Presentations and Presence: 7 Practical Tips (Part 1 of 2)


7 Practical Tips (Part 1 of 2)

A brilliant script delivered poorly by an actor is unlikely to break any box office records. Likewise, compelling value and benefit statements are critical components of your presentation, but you can’t rely on the content to do all the heavy lifting.

Just like a great actor can make a mediocre movie watchable (like Sandra Bullock in The Lake House above.  You didn’t think I  meant Keanu Reeves, did you?!), great presenters can make average content good and good content exceptional.

The most effective presentations are a marriage between presentation and presenter: as the presenter, you are the lightning rod that connects the message to the audience. Great presenters have what is often referred to as “presence,” that ability to light up any stage and draw an audience in. As a salesperson, whether your stage is a conference room or a computer screen, you need to establish presence with your audience if you want your listeners to connect with your message.

Here are the first three of seven practical and proven ways to help you develop and add presence to your presentation or demo so you can ensure your message lands and sticks!

    1.  Warm-up
      It’s impossible to go from zero to one-hundred on the spot, yet that’s what most presenters attempt to do. Give yourself time to ramp up to your optimal state by warming up before your presentation. Those first few moments in front of your audience are critical. Don’t waste them working out the kinks in your delivery or getting into your rhythm. How do you warm up? Think voice, body and mind. Work on proper breathing, releasing tension, energizing your body and strengthening your voice. A short pre-presentation warm-up will help settle nerves, increase confidence and go a long way toward having you communicating at your highest potential. For a quick free pre-presentation warm-up click here.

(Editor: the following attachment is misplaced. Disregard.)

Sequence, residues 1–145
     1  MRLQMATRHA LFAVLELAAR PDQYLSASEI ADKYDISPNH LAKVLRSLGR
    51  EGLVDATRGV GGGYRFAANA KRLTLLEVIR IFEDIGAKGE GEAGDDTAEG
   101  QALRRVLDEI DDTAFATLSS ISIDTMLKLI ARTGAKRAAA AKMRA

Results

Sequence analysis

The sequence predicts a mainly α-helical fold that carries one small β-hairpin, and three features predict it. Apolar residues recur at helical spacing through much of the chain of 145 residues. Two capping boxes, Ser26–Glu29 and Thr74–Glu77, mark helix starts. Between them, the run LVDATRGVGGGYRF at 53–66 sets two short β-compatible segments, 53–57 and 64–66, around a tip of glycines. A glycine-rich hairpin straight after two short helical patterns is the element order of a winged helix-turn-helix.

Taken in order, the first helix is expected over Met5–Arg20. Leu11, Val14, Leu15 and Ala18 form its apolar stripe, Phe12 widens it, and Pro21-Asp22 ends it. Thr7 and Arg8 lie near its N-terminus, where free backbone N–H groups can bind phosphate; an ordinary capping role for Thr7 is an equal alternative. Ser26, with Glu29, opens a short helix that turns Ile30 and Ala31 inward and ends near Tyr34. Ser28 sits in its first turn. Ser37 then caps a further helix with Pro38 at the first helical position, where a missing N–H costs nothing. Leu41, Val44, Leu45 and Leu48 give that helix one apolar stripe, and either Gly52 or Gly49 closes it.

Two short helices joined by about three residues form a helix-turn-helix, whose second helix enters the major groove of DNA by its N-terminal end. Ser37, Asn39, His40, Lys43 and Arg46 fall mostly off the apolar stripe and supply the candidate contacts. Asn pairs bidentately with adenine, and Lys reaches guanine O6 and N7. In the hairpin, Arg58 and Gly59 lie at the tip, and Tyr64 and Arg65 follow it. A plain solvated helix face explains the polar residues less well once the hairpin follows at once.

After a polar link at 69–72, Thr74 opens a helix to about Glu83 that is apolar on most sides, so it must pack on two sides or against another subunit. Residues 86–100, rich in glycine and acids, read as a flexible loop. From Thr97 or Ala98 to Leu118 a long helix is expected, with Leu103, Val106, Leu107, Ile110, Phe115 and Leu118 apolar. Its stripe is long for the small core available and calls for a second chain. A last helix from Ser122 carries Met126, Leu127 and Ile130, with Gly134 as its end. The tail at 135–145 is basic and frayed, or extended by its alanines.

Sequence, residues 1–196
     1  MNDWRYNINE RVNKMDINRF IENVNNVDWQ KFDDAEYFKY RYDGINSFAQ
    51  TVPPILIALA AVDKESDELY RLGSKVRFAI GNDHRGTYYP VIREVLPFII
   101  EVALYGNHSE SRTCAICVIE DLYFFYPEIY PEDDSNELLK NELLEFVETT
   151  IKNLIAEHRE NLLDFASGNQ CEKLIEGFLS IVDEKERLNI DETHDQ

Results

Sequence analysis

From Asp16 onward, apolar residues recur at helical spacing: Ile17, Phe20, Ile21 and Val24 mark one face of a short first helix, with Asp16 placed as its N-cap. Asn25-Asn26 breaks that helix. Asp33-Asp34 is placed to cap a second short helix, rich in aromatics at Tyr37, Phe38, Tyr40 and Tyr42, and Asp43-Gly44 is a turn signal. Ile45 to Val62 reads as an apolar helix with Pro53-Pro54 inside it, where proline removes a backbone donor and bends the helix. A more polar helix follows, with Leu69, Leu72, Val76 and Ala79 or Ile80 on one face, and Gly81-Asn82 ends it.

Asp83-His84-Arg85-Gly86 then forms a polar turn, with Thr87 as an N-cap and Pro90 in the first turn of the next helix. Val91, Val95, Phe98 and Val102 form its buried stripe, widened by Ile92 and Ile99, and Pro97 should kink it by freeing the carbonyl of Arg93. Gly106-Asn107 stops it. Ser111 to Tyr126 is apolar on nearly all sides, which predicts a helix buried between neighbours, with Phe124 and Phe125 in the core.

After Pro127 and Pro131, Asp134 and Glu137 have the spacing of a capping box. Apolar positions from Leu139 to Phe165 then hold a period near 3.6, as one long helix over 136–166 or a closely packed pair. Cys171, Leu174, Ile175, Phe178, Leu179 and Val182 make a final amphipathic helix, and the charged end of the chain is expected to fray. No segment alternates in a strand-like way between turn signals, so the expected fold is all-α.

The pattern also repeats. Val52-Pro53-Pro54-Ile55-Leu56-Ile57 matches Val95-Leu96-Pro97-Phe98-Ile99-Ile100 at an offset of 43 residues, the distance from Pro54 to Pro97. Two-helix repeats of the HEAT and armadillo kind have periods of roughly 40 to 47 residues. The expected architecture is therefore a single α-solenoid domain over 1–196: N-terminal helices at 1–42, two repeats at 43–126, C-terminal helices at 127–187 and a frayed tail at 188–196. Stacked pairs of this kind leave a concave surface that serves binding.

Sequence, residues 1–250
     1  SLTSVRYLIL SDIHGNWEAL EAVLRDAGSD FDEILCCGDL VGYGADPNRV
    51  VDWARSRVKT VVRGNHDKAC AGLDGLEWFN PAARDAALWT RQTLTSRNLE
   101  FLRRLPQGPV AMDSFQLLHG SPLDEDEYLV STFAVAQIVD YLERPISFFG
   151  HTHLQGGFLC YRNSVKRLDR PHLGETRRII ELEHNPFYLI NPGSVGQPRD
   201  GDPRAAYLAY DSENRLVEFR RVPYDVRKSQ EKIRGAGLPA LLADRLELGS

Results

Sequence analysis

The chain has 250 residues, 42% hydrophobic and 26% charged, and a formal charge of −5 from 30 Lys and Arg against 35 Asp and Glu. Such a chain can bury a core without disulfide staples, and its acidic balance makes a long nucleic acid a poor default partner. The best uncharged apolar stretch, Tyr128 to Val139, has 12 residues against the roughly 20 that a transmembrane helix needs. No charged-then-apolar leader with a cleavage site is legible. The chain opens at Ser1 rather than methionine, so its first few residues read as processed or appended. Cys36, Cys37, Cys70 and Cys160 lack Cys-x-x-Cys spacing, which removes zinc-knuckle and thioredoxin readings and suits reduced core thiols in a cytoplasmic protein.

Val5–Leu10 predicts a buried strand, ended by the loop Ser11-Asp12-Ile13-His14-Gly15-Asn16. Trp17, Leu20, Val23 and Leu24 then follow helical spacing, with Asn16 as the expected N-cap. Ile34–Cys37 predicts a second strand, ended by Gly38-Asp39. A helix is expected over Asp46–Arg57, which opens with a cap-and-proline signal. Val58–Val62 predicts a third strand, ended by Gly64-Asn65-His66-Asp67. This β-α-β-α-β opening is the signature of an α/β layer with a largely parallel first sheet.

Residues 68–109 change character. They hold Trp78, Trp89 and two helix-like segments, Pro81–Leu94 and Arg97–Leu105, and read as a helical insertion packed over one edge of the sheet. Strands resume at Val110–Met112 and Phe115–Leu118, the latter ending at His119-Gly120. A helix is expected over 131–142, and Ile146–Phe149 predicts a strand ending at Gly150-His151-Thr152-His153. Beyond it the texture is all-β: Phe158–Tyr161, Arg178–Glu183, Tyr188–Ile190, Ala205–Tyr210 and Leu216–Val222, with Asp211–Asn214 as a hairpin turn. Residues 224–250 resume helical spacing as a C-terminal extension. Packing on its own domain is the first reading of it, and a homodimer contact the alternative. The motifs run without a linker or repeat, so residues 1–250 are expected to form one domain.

2. Choose a strong intention
      Sure the ultimate intention is to close the deal, but our first intention must be more immediate and take into account how we want our audience to feel. An intention is an active verb that flows underneath our words and actions. It’s critical that you know what your intention is, because if you don’t know, trust me, neither will your audience. When pressed for an intention, sellers often respond that they are trying to “tell, show or educate” their audience. These are what we call in performance “weak” intentions. They have no strong action or feeling associated with them and lets face it, how many times is your prospect being told or shown something each day? Strong intentions, like “excite, motivate, persuade or prove” create strong feelings, actions and passion in you as a presenter. Go in with a strong intention in mind and you’ll notice a dramatic difference in your energy and how your audience responds to you.
    3. Channel your energy
      Creating presence is often mistaken for increasing volume, movement or making bigger gestures. While this may help (especially if your natural state is more subdued and you need to amp it up a few notches), a presentation delivered entirely at this level can feel like being on the other end of a fire hose.  Raise your energy but don’t release it all at once. Think about channeling it into specific movements and statements. For example, you may want to try slowing down, pausing or getting quieter instead of louder when you want to make a point. Bigger isn’t necessarily always better.  More tips on owning the sales stage with your energy here.

Presence is a vital element in your presentation or demo, especially with today’s busy decision-maker.   Stay tuned for 4 More Tips in Part 2!

 

photo credit: Slaff via photopin cc

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Performance Sales and Training: Persuasive Presentation Skills to meet the challenges of today’s B2B Sales Environment